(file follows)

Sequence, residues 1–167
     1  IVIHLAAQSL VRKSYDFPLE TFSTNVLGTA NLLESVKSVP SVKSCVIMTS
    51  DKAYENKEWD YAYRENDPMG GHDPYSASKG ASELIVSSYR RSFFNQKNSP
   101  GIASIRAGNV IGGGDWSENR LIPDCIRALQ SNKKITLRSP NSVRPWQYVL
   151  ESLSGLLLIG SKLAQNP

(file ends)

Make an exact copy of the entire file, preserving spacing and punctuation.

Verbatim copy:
Sequence, residues 1–167
     1  IVIHLAAQSL VRKSYDFPLE TFSTNVLGTA NLLESVKSVP SVKSCVIMTS
    51  DKAYENKEWD YAYRENDPMG GHDPYSASKG ASELIVSSYR RSFFNQKNSP
   101  GIASIRAGNV IGGGDWSENR LIPDCIRALQ SNKKITLRSP NSVRPWQYVL
   151  ESLSGLLLIG SKLAQNP